Review: Scrap Iron
Mark Jay Brewin, Jr. dares his audience to pontificate the world and relationships around them in his stunning work of poetry Scrap Iron. Written with a narrative voice, these poems are less like traditional poetry and more like beautifully detailed, deeply personal stories that explore the complexities of familial relationships and the desire to be elsewhere. Broken into three parts, there is a clear beginning middle and end to this book of poetry that is lacking in other similar works. Rather than leaving the reader empty and unfulfilled, the carefully comprised structure of this book ends with the reader left in a state of deep thought and satisfaction.
Scrap Iron, winner of the Agha Shahid Ali Prize in Poetry, begins with a focus on the small town, blue collar lifestyle experienced by the author. There is a strong focus on his father and what it means to be a man in the working class, providing the reader with a sense of reverence of his father’s hard work. Though with this reverence comes a feeling of displacement from the author. In many of his poems he is seen juxtaposed to his father rather than in unison with the man; he is reading and burying himself in facts of faraway lands while his father is working the land or working in the power plant nearby. This theme of the complexities of relationships between the author and those around him reverberates throughout the entire piece, especially in Part II of the book when the author finally gets the chance to explore the world about which he has heretofore only read.
Moving from Part I to Part II of the work, the reader can distinguish a difference in tone when the author makes remarks about his family. At this point, the narrator has gone abroad, experiencing firsthand the lands he read so much about. Though this travel comes with new perspectives about the world and those around him, leading some relationships to be strained such as those between himself and his brother and mother. This change in the dynamic of his relationships is further illustrated in Part III of the work where he returns from his travels and is back “home” with his family. While the narrator may come off at some times “holier than thou” in his descriptions of his globally ignorant family members, this is simply his lamenting over the fact that he will never truly fit in amongst his family. There will always be that gap in understanding the world differently from them due to his travels, readings and introspection.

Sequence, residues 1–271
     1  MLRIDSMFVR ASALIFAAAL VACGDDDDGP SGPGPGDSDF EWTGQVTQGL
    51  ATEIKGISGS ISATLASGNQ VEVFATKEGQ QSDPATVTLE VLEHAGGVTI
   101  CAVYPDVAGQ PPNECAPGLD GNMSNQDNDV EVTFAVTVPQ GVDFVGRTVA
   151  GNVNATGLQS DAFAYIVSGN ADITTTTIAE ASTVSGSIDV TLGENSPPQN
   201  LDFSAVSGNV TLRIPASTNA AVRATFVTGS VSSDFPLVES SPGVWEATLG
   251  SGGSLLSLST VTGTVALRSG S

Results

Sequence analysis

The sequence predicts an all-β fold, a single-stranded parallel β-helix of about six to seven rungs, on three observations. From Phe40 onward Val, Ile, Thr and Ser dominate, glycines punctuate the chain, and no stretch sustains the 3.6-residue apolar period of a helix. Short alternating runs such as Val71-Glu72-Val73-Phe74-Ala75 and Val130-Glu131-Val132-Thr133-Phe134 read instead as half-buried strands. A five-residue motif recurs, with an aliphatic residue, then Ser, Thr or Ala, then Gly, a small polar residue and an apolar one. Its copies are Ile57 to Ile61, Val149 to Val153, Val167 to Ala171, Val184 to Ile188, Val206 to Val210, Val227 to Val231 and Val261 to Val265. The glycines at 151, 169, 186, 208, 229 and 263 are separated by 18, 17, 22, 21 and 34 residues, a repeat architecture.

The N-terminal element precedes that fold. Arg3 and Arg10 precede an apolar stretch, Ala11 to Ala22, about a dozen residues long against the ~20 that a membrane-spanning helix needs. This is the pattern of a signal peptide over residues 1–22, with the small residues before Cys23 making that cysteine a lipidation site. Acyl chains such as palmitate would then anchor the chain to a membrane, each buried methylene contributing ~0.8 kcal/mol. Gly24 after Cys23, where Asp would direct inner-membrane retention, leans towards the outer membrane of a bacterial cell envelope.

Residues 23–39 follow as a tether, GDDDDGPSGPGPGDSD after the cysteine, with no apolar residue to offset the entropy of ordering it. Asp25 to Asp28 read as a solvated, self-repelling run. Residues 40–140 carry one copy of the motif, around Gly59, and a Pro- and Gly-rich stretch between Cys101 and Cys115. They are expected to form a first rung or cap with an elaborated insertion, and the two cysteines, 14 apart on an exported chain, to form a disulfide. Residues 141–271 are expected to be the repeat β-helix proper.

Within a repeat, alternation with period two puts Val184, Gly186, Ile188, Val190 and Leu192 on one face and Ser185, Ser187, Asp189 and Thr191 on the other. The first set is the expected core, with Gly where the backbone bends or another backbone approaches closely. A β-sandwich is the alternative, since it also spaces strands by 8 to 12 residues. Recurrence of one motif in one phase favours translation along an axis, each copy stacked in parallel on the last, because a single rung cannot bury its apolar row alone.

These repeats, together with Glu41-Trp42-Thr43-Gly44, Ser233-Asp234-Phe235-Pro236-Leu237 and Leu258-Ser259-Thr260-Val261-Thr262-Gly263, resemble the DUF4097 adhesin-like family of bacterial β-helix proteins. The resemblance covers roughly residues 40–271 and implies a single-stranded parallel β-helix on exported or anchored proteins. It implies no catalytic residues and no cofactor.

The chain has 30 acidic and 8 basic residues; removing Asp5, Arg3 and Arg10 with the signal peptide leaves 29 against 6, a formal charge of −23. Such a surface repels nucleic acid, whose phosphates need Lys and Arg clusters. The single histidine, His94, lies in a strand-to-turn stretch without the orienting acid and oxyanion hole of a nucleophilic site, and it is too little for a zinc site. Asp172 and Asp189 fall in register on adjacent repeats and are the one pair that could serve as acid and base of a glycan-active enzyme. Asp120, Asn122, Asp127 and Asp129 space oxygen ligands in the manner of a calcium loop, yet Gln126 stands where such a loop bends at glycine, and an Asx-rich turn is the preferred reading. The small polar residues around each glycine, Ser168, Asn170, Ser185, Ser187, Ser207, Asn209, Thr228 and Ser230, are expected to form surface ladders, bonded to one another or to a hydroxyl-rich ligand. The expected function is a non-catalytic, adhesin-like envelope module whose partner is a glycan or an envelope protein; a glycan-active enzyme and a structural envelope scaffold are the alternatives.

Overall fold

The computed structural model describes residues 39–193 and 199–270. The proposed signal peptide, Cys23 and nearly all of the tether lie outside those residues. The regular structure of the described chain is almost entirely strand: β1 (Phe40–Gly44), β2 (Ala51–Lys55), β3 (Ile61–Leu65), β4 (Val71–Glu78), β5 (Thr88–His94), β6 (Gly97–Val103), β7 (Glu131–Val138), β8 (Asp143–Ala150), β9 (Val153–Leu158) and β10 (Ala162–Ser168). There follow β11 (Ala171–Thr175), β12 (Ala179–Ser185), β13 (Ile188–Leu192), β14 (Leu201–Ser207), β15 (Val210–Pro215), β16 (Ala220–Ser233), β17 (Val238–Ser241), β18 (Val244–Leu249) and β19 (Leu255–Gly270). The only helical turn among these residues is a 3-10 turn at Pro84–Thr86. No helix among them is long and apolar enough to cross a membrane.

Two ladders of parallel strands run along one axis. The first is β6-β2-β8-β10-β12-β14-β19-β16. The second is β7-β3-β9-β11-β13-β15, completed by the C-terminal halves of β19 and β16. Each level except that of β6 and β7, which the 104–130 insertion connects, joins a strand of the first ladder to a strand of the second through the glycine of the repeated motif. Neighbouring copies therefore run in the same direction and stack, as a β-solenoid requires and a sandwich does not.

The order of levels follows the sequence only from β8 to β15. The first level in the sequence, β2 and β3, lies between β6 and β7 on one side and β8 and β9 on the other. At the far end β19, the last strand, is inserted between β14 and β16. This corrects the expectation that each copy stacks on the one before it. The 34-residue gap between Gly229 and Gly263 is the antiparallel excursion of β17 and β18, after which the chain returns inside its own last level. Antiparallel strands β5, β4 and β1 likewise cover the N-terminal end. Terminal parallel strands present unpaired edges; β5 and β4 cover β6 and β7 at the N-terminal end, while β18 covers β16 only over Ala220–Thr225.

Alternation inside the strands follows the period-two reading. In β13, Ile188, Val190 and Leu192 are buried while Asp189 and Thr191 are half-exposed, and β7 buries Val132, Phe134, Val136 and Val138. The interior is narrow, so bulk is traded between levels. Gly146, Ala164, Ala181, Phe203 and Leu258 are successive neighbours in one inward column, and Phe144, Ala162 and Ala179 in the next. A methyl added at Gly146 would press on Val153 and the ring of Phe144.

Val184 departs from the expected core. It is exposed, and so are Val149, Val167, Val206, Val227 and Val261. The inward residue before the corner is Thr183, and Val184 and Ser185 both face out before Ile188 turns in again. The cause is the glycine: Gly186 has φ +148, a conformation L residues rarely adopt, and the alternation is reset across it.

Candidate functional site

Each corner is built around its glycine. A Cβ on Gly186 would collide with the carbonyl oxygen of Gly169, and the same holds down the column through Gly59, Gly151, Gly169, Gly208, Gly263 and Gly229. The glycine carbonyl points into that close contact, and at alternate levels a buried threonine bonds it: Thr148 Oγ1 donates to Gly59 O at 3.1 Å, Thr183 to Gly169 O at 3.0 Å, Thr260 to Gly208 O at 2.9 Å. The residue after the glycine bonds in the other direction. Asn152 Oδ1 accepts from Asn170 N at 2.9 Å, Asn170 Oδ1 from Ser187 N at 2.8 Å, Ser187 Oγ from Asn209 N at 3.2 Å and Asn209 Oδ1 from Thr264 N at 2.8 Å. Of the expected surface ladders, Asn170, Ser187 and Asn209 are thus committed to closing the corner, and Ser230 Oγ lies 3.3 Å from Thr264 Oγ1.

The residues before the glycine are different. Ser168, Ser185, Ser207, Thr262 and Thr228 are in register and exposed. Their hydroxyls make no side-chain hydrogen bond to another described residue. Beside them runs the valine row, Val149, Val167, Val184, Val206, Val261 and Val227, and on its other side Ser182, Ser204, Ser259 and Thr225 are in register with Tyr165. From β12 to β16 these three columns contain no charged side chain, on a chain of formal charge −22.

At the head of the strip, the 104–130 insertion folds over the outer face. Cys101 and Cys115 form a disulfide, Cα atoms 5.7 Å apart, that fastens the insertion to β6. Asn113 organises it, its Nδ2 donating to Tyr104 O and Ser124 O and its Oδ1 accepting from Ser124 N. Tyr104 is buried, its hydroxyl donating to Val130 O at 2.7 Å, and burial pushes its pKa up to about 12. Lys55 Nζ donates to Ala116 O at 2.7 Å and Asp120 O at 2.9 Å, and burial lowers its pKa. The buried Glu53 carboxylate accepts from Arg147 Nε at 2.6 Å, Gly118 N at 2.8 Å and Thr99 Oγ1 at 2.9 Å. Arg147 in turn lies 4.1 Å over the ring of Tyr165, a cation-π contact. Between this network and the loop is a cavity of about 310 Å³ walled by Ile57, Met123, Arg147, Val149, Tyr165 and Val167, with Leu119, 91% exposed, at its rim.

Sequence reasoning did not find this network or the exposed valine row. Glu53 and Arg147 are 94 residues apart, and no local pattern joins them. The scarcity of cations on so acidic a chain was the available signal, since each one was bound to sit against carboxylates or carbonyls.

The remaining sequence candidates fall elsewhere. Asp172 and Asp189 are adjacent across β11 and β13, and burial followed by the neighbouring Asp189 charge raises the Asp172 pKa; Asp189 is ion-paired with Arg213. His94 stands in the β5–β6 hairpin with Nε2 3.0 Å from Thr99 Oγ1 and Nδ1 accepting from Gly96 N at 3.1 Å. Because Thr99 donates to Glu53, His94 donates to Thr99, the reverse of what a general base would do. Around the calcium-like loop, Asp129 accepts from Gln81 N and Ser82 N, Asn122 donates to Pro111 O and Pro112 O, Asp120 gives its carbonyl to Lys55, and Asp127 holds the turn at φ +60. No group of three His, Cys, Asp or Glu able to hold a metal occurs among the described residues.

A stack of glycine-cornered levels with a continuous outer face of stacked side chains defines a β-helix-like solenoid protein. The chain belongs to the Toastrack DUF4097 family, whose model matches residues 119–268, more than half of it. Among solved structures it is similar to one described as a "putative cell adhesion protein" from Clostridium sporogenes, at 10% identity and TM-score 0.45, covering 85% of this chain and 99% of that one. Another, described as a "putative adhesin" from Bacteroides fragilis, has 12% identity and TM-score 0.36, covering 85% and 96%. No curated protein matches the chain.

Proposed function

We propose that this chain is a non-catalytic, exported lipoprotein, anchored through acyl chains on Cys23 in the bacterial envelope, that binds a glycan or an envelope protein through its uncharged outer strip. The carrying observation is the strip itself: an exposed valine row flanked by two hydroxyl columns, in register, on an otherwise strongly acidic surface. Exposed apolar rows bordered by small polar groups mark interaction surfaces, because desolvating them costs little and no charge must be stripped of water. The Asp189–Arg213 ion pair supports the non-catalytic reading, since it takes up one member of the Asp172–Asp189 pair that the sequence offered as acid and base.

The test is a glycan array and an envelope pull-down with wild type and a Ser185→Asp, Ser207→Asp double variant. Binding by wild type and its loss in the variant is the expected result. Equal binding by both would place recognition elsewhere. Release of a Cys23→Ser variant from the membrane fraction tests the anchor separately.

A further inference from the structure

While Scrap Iron reads very much like a memoir about the family dynamic of the author after his travels, the work is also beautifully poetic in its descriptions and profoundly moving in its juxtapositions of facts about the land around the narrator with facts about his family members and how the two relate to one another. The metaphors used in this work are as intricate as they are gorgeously emotive and require a great attention to detail on the part of the reader. This in conjunction with the story that pushes the reader through the book makes for a thoroughly captivated audience left utterly fulfilled and deeply moved by the end of the work. Deserving of its title as the 2012 winner of the Agha Shahid Ali Prize in Poetry, Scrap Iron certainly won’t disappoint its readers.
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